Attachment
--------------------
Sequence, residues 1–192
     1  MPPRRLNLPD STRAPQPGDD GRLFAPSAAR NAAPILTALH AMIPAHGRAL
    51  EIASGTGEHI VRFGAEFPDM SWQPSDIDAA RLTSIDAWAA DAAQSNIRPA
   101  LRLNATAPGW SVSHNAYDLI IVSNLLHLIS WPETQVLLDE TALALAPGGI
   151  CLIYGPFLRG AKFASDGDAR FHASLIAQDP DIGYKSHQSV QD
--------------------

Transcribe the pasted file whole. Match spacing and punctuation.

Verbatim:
Sequence, residues 1–192
     1  MPPRRLNLPD STRAPQPGDD GRLFAPSAAR NAAPILTALH AMIPAHGRAL
    51  EIASGTGEHI VRFGAEFPDM SWQPSDIDAA RLTSIDAWAA DAAQSNIRPA
   101  LRLNATAPGW SVSHNAYDLI IVSNLLHLIS WPETQVLLDE TALALAPGGI
   151  CLIYGPFLRG AKFASDGDAR FHASLIAQDP DIGYKSHQSV QD